Seasonal Affective Disorder in Dogs
Is there such a thing as Seasonal Affective Disorder in dogs? While the winter blues, or (SAD), is a fully recognized condition in humans, could our dogs have similar feelings during the long and dark winter months?
What is SAD?
Seasonal Affective Disorder (SAD) commonly occurs in the winter months when humans generally spend less time outside and there are fewer bright and sunny days. While SAD is common amongst humans, there are studies which suggest that dogs can also be affected by lack of sunlight during the winter months.
A recent survey by the PDSA revealed that 1 in 3 dog owners notice a change in their dog’s behavior as the nights draw in. The study also reported the following key behaviors which could be attributed to the so-called winter blues in dogs:
● Increased aggression and more frequent ‘accidents’ in the house
● Destructive behavior such as chewing and scratching
● Barking for no apparent reason
● Sleeping for longer than usual
● Lack of interest in playing or exercising
● No interest in their usual food or treats
How to help your dog if he is suffering from the winter blues
There are lots of different techniques that could help reduce or reverse the symptoms of Seasonal Affective Disorder in dogs. Below we have listed some tips to help keep you and your dog in great shape all winter long.
● Even though it might be a struggle to get your dog out the door for his usual exercise, it’s important to keep up the walks – the fresh air will do you both a world of good!
● If you’re noticing that your dog is sleeping a lot more than usual or is generally less active during the winter months, you may be worried about him gaining weight. Consider cutting his portion sizes slightly to counteract the effects of this.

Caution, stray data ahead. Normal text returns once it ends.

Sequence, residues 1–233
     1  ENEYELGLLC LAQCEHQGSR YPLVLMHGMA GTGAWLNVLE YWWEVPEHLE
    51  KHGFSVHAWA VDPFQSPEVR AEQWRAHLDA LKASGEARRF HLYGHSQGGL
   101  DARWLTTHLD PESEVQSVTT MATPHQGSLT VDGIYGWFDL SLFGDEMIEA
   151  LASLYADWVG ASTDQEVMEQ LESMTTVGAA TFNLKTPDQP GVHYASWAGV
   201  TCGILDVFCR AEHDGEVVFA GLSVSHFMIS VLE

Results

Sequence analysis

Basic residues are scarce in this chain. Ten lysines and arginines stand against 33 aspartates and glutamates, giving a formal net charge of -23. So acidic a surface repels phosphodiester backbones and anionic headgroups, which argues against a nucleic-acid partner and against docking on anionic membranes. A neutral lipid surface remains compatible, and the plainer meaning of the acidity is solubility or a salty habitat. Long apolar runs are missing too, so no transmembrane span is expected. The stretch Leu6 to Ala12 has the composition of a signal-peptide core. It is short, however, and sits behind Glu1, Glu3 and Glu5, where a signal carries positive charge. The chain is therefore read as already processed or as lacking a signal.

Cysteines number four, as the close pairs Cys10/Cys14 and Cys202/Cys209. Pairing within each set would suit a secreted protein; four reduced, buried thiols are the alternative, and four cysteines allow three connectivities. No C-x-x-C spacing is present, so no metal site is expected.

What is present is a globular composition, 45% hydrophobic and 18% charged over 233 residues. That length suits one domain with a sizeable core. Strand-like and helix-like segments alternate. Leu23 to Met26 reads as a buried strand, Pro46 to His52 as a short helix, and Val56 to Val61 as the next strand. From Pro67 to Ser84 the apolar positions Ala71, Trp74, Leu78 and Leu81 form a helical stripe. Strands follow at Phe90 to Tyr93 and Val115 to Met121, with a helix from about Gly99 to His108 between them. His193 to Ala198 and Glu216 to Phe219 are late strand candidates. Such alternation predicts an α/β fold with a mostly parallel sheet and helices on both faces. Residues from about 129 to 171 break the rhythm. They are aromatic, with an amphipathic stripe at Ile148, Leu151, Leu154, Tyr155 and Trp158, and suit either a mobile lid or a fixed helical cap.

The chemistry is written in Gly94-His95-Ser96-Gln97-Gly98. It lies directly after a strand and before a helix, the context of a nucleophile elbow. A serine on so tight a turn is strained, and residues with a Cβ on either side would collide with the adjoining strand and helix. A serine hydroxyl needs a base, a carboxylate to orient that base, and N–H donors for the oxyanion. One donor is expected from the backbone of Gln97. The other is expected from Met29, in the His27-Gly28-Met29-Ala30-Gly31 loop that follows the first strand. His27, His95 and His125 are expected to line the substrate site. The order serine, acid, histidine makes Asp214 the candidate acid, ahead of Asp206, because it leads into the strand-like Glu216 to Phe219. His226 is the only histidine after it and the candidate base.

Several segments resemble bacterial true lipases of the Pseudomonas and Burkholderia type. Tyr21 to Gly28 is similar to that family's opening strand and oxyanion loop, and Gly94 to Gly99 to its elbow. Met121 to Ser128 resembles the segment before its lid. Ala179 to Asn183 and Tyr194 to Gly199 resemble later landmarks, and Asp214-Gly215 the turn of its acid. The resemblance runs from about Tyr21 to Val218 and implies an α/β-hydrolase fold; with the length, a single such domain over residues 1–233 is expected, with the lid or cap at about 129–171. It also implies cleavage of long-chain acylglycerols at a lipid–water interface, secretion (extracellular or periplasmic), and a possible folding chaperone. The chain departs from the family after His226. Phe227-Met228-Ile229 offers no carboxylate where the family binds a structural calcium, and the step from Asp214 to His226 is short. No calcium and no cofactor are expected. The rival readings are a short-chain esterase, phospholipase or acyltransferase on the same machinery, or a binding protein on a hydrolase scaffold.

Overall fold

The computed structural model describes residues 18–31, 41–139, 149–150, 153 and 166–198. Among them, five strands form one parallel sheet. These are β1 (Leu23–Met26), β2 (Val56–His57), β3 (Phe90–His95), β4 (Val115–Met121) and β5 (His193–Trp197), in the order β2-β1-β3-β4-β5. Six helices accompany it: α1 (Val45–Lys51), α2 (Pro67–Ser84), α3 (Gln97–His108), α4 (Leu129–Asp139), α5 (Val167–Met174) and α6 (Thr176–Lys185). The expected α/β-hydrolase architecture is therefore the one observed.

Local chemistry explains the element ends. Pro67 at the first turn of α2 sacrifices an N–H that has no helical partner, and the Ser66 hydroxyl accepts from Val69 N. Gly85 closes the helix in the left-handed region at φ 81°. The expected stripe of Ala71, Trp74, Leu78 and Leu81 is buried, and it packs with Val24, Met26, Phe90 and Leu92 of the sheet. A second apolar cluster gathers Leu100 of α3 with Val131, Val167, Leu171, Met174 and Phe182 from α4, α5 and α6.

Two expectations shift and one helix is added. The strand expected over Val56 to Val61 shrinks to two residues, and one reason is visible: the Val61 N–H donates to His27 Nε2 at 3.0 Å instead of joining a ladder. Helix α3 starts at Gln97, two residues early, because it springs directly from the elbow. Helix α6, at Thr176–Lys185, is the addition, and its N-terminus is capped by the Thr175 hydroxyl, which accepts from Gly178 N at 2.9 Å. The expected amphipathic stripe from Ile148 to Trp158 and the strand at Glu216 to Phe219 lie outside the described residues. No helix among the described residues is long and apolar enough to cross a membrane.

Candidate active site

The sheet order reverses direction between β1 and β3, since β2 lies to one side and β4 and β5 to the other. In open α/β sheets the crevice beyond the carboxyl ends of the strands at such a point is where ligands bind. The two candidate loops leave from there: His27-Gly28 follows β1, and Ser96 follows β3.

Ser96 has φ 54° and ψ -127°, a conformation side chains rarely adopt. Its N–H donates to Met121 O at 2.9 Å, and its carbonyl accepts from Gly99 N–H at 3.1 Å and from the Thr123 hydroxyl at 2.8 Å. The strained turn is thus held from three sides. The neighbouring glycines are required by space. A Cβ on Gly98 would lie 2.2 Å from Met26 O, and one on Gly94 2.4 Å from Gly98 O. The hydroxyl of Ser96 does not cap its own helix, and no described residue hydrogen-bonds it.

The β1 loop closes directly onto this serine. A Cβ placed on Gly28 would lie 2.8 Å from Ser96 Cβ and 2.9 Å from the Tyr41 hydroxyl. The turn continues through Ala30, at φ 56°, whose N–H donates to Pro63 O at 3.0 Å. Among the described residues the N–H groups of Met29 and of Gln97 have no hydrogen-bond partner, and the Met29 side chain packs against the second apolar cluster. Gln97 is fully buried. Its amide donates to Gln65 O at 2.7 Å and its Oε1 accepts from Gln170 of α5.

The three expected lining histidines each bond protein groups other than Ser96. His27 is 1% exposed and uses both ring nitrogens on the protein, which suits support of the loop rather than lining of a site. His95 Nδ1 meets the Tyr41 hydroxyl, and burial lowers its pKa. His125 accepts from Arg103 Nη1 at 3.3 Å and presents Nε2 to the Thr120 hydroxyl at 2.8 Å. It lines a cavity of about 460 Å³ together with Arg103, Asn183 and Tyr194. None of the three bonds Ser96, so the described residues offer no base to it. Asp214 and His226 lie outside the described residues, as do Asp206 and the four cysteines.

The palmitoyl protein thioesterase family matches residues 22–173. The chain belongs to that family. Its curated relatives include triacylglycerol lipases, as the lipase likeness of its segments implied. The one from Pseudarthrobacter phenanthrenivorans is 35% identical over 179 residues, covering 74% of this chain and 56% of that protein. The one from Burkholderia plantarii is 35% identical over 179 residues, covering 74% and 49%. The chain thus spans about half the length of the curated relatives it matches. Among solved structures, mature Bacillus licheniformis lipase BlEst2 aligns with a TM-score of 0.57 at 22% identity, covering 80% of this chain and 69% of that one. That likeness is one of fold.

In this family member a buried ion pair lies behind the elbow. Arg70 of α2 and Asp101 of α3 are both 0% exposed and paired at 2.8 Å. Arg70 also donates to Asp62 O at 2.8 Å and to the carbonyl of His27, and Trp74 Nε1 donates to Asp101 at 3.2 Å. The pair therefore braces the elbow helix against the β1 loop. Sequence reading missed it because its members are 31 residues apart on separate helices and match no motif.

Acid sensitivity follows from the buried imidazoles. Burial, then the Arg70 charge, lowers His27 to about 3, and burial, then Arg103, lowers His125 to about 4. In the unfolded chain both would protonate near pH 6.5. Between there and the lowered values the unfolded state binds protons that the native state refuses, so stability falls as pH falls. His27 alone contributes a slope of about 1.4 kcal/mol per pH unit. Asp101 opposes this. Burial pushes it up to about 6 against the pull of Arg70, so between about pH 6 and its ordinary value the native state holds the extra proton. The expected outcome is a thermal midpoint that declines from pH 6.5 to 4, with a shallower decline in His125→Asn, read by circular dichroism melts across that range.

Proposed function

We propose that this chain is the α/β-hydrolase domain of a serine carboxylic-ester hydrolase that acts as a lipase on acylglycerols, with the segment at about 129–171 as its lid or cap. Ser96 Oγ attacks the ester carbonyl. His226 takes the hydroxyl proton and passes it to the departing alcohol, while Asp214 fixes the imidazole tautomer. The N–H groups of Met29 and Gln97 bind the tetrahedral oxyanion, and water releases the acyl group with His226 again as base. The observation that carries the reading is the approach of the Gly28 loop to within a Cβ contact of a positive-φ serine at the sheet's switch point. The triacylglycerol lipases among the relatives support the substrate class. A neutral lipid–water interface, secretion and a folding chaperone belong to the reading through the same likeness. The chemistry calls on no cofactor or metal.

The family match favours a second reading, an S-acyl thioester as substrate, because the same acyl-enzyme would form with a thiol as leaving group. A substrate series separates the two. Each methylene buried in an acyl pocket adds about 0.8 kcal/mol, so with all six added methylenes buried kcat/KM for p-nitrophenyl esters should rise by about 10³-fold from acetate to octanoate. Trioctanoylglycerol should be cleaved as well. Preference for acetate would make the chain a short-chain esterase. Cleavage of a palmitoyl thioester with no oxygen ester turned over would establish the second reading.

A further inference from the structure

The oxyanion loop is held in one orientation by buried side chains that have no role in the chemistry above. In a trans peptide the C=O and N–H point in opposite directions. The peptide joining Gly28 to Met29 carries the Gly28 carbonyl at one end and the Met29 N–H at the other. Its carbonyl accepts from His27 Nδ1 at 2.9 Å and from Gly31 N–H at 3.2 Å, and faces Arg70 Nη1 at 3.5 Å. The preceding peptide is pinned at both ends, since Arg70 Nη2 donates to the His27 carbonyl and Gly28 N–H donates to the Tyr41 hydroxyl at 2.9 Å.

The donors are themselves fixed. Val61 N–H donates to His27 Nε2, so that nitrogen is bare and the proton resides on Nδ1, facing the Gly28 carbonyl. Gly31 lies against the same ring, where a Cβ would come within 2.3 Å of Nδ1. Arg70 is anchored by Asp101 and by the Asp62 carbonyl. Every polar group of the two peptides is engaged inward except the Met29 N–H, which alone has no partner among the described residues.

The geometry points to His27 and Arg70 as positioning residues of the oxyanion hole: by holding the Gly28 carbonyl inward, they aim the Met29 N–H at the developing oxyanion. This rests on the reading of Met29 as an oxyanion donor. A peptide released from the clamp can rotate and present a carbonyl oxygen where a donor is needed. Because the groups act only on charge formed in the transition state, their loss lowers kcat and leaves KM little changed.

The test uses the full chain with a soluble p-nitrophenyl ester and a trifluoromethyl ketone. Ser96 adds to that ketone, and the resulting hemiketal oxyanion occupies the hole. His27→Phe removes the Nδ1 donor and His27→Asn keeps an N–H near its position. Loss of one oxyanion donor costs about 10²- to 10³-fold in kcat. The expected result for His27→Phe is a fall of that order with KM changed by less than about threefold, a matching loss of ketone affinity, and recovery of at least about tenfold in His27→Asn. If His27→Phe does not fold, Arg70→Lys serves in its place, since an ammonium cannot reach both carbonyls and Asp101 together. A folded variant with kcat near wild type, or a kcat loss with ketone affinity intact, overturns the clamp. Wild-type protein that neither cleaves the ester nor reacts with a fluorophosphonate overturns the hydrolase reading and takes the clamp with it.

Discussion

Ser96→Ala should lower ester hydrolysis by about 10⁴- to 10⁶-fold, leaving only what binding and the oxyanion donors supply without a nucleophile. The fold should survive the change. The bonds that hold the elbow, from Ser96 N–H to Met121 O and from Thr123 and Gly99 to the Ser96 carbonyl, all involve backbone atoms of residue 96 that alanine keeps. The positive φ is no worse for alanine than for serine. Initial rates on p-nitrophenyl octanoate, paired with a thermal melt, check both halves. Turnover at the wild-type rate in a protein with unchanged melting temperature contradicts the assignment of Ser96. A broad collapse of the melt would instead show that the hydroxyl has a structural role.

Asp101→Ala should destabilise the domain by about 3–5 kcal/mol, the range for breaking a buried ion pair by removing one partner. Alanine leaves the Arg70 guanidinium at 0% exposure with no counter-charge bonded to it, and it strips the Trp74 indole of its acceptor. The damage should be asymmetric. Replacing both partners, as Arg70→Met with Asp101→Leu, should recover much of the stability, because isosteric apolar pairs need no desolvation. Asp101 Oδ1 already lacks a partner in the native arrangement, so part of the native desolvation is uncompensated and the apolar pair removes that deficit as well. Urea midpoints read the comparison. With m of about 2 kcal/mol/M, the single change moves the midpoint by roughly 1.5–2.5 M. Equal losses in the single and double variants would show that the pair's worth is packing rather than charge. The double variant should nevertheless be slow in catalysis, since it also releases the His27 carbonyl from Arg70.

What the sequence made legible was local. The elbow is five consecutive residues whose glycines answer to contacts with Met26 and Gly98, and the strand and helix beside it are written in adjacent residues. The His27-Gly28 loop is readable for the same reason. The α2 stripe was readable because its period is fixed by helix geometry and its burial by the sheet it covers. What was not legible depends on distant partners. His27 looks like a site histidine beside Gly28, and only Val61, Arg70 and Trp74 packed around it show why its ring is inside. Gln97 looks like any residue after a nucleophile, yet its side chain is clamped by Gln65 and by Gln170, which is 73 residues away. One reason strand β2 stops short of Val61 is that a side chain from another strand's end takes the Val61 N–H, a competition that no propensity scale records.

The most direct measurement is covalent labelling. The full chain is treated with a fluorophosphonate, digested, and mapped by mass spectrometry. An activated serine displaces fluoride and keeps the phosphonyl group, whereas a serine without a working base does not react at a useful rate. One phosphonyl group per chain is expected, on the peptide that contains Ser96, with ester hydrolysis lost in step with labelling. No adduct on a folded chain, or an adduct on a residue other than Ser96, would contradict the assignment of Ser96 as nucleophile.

Top Tip: Try making your dog’s mealtimes into a game by hiding treats around the house, providing great mental stimulation as well as some additional exercise and playtime for both you and your dog.
● If your dog enjoys the company of other dogs, arrange a ‘playdate’ with his best buddies! This social interaction and mental stimulation will help boost his mood on a cold winter’s day!
Top Tip: If your dog is not interested in playing with toys try hiding the usual toys away for a couple of days, then reintroducing them to him for a playtime treat!
● If your dog is refusing his typical food and treats, you may be worried about him not getting all of the nutrition he needs as part of a balanced diet. Consider including the Vitabiotics SuperDog range of dog vitamins in his diet, which has been developed with your dog’s health and vitality in mind.
If you’re worried about your dog in any way, or if the possible symptoms of SAD don’t improve, book an appointment with your regular vet to rule out any other health problems.
“Seasonal Affective Disorder in Dogs: Do Dogs Get Winter Blues?”
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